Something a bit different
I did something a little different tonight.
My dad is into choral music, and invited my brothers and me to go see the
Missouri State Concert Chorale, a group of college kids from MSU. There were about 50 of them in the group, led by Guy B. Webb, a Julliard-educated professor-type guy. They sang at a cool Spanish-styled Catholic church at 51st and Main.
I can't really say that this music isn't my bag. I've always been around music like this off and on, but I'm typically more of a rock concert type guy. This was really impressive. The music is totally different. It's fairly quiet (for the most part), and sung in different languages (Latin, Russian, German, French, Swedish). There
are no instruments. So, the normal things you lock onto in music (the groove, the lyrics, the guitar sound, etc.) are all missing.
But there's other things here that the other stuff doesn't have. It's a peaceful flow of notes that you just kind of soak in. Some of it was downright mesmerizing. One song they did, a Slovenian thing, was really chaotic and freaked out. It was kind of spooky. (If I was in a dark hallway and heard that noise going on at the end of the hall, I think I would run the other way.)
One interesting thing about this music is how the crowd responds during and after a song. At a rock concert, there are fists pumping in the air, and everyone's going "Yeah! Yeah!". When the song ends, everyone goes nuts and yells and claps. This stuff is different. You look around at peoples' faces while the music's going, and they're concentrating, really listening to it. The last note ends, and you hear the last echoes float through the room and die out. If it is a faster-paced song, people wait until the conductor's arm drops, and then they clap. Some of the slower stuff is so intense that when it ends, the room is dead quiet. It's like everyone's holding their breath trying to prolong the last note or something. Then you'd hear everyone start breathing again, and people would look at each other and grin with kind of a "Dude, that was awesome!" look on their face.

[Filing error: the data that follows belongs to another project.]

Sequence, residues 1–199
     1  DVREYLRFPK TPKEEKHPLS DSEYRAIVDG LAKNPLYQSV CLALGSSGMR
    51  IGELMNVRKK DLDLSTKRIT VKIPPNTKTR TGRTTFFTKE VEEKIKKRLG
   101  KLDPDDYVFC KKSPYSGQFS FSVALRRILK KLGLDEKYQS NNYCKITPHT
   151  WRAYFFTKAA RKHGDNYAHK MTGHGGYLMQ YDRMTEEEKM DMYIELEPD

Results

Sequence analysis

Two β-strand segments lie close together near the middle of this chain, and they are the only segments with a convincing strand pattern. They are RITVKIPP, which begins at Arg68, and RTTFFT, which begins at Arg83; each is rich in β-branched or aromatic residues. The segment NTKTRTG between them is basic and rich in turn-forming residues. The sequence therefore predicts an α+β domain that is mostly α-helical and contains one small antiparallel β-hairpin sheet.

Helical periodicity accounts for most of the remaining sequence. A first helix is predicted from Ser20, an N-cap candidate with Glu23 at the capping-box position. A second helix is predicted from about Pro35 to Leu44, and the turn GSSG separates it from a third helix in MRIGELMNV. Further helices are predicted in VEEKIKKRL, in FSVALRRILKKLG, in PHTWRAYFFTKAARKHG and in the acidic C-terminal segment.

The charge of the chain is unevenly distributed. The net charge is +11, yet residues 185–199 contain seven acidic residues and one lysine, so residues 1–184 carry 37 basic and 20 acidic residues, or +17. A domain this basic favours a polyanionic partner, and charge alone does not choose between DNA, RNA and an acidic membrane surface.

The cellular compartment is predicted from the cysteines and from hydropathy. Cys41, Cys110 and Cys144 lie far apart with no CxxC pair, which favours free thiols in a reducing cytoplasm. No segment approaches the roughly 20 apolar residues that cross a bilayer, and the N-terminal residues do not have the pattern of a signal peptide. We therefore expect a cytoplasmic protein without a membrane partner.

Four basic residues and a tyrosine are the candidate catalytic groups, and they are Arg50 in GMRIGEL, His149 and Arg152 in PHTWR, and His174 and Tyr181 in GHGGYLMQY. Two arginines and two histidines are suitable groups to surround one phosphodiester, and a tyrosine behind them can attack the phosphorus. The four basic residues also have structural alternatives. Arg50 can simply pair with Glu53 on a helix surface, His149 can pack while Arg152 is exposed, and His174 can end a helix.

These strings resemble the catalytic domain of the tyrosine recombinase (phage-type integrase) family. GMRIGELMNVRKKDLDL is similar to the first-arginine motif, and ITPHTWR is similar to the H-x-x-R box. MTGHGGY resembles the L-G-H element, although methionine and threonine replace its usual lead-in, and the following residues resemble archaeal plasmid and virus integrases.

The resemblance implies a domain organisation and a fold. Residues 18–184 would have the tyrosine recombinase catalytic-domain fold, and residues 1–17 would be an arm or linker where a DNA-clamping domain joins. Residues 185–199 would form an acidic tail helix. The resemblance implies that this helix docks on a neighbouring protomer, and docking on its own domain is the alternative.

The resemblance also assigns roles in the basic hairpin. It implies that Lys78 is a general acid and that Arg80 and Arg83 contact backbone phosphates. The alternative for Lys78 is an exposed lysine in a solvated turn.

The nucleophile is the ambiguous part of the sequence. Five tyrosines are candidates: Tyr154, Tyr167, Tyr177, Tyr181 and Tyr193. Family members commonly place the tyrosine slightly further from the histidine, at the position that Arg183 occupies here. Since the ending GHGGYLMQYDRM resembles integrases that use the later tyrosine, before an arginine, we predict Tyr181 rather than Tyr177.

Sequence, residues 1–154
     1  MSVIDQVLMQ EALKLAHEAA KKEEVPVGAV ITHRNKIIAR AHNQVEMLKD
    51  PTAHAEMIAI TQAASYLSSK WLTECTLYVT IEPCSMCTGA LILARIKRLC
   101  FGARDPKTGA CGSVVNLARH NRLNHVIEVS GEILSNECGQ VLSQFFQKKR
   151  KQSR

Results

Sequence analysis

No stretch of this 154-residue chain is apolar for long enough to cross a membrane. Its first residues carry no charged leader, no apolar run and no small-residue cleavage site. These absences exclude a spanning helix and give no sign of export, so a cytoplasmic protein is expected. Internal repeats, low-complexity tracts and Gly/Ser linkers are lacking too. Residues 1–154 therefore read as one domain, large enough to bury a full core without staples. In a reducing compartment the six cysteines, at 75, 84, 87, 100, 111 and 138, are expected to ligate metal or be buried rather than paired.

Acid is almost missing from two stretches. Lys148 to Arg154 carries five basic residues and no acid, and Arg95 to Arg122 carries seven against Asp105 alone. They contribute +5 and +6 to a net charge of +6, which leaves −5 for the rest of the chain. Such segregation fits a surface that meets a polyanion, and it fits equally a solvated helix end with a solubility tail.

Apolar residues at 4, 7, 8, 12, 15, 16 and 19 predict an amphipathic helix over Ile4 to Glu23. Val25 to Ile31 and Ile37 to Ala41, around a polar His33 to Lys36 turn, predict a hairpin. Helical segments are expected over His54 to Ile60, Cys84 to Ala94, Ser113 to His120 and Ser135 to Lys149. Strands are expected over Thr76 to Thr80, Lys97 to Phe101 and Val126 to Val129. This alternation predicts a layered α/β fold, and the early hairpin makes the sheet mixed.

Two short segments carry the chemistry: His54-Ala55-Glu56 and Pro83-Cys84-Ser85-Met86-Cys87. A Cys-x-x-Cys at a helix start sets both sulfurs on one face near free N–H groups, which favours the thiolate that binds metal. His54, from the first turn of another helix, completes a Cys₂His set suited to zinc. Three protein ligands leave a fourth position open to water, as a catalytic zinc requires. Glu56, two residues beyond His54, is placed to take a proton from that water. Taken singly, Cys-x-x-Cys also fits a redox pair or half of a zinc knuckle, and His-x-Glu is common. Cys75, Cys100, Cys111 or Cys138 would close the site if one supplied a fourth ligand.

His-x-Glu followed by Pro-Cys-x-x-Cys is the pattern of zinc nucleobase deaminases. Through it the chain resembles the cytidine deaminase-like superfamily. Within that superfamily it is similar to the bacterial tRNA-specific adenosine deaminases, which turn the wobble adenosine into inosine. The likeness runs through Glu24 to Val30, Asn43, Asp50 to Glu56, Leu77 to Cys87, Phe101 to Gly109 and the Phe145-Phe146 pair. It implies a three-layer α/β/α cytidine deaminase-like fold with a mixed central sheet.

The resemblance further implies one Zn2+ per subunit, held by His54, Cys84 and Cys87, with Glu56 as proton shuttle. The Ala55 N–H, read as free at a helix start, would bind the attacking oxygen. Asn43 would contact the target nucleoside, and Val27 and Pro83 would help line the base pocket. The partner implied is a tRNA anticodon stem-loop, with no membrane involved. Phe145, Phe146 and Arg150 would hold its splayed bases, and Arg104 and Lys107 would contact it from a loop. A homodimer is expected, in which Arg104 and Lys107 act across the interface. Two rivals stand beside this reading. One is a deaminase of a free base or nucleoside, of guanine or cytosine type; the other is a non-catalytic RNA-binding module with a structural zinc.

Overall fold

Something about this that interests me is how this music holds your attention so strongly, perhaps even more than rock-n-roll does. Good rockin music commands attention by towering over its audience and kicking up dust. It's all fire, fury, and bombast. This stuff commands attention in a different way, just as efficiently. I think it does it by being so quiet that it forces you to really pay attention in order to get anything out of it. Then, while you're focusing on it, it builds up and swirls around you until it drops you off at the end. And the end seems to be the point where you come to your senses and go "Wow! That rocked."
I've heard this kind of music ever since I was a kid, but never made any moves to actually collect it to, you know, listen to it on an iPod or something. I might do that and see how I like it!